Autumn Gourmand

We have been watching Geese fly south, and displays of yellow trees suddenly disappear in a high wind. The school ‘run’ with the youngest, which is a pleasant walk down our lane, now incorporates picking up twigs for kindling for the stoves.
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Sometimes, we meet one of our neighbours on his morning walk. He was born in the house he lives in and went to the same school 60 years ago. His brother built a house next door to his. These two are the last still here of a hamlet that was once made up of several small holdings, all with orchards, gardens, vines and animals. The well for the hamlet was (and still is) on our property, the bread oven on the back of the brothers’ old farm house. There are unused wine chai’s (storage buildings), abandoned orchards, dying walnut groves, and bat filled barns with tiny houses at one end dotted round. Some of the old trees provide us with fruit and the pleasure of picking it throughout the seasons.

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But the best remnant of this dying era is our neighbours’ garden. Large, tilled with a hand machine, seasonal. Best of all, full of organic produce sometimes gifted to ourselves. Right now it is pumpkins. Huge, dense, rich tasting (especially when roasted) pumpkins. We love our neighbour.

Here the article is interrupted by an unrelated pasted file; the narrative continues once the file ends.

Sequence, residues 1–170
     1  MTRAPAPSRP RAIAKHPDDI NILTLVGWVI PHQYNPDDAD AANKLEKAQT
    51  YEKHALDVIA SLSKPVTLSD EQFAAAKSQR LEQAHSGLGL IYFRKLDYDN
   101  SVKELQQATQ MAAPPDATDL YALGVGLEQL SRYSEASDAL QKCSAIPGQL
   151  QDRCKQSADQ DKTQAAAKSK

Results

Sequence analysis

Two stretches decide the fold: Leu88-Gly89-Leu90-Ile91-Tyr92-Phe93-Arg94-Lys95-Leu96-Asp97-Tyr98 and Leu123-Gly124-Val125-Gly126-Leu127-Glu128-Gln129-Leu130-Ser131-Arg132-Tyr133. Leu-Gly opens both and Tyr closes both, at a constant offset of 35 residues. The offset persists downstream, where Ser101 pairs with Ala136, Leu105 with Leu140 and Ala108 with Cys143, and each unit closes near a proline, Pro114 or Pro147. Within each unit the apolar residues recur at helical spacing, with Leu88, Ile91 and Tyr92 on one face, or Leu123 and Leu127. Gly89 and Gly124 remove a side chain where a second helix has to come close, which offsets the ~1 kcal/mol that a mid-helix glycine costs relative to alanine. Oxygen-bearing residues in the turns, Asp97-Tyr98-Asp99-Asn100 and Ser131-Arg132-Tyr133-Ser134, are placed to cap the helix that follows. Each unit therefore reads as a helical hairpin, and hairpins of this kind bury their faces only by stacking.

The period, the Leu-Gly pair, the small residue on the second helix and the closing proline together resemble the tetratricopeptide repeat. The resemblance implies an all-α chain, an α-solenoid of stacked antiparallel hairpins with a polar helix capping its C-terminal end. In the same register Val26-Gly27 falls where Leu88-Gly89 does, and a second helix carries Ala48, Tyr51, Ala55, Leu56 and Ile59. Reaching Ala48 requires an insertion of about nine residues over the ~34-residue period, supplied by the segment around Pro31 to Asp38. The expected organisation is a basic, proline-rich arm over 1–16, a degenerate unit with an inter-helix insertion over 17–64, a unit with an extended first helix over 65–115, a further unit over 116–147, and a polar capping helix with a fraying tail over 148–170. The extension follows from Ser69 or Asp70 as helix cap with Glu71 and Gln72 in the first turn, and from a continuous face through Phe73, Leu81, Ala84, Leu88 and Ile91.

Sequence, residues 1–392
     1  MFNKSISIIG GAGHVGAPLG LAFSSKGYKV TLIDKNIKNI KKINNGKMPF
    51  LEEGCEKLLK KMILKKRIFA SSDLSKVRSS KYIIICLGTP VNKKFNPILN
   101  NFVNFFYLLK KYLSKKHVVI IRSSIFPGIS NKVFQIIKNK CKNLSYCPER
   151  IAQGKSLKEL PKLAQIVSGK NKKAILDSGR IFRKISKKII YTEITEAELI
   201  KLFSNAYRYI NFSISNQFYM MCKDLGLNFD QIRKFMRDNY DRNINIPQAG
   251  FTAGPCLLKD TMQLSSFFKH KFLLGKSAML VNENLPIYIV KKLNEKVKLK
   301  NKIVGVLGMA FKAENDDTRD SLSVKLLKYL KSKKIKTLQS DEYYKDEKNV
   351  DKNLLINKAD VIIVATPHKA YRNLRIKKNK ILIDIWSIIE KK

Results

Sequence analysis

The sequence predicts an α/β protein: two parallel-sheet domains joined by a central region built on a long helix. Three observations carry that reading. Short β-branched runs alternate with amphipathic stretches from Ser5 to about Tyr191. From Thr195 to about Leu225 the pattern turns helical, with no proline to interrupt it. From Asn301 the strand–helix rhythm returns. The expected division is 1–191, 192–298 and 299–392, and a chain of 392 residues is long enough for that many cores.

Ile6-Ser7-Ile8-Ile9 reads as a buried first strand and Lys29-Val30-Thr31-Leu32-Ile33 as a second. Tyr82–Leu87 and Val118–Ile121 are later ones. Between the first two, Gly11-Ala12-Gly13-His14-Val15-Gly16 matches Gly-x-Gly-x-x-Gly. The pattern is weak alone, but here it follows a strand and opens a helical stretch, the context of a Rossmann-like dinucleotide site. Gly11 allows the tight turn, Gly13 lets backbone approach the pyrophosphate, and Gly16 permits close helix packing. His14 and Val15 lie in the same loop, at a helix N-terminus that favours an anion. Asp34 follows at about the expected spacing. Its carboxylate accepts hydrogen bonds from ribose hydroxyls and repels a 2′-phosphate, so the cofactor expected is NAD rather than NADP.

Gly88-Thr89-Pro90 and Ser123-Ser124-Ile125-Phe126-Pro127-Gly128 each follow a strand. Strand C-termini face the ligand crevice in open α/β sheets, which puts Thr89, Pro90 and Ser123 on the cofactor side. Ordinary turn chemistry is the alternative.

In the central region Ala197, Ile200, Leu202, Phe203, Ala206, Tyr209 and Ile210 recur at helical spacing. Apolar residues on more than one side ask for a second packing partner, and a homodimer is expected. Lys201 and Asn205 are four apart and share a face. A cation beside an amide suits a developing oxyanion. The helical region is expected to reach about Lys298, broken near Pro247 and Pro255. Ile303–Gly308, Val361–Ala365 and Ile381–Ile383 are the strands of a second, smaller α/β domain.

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We love ROASTED PUMPKIN SOUP.
It doesn’t require any fuss, unless you count making some delicious chicken or vegetable stock – but this time of the year when the wood stove is going, it is easy for me to pop on top a pot of veg scraps, herbs and water in the morning, to simmer away for a few hours.
Don’t worry about precise amounts of ingredients to use – whatever is to your taste!
– Chop a pumpkin up into even size chunks or wedges (sort of the size of a normal wedge of cake!) Leave the skin on, but scrape off the seeds with a spoon. You can save the seeds to roast and eat too, but that’s another recipe…
– In a bowl sprinkle the wedges with salt and drizzle with oil then mix together with your hands. Lay them on a baking tray and roast for about an hour in a medium hot oven.
– When cooled, scrape the flesh off the skins.
– Sweat a little onion and garlic together in a large pan until cooked and then add the pumpkin. Try adding a tiny bit of a flavour you like too – cinnamon, or ginger or chilli for example.
– Add enough stock of your choice to cover-plus-a-bit-more and simmer for just half an hour.
– Blend in the pot with a hand blender and then add some cream at this point, or swirl it about on top once it is in bowls. Garnish with parsley or coriander and some croutons…

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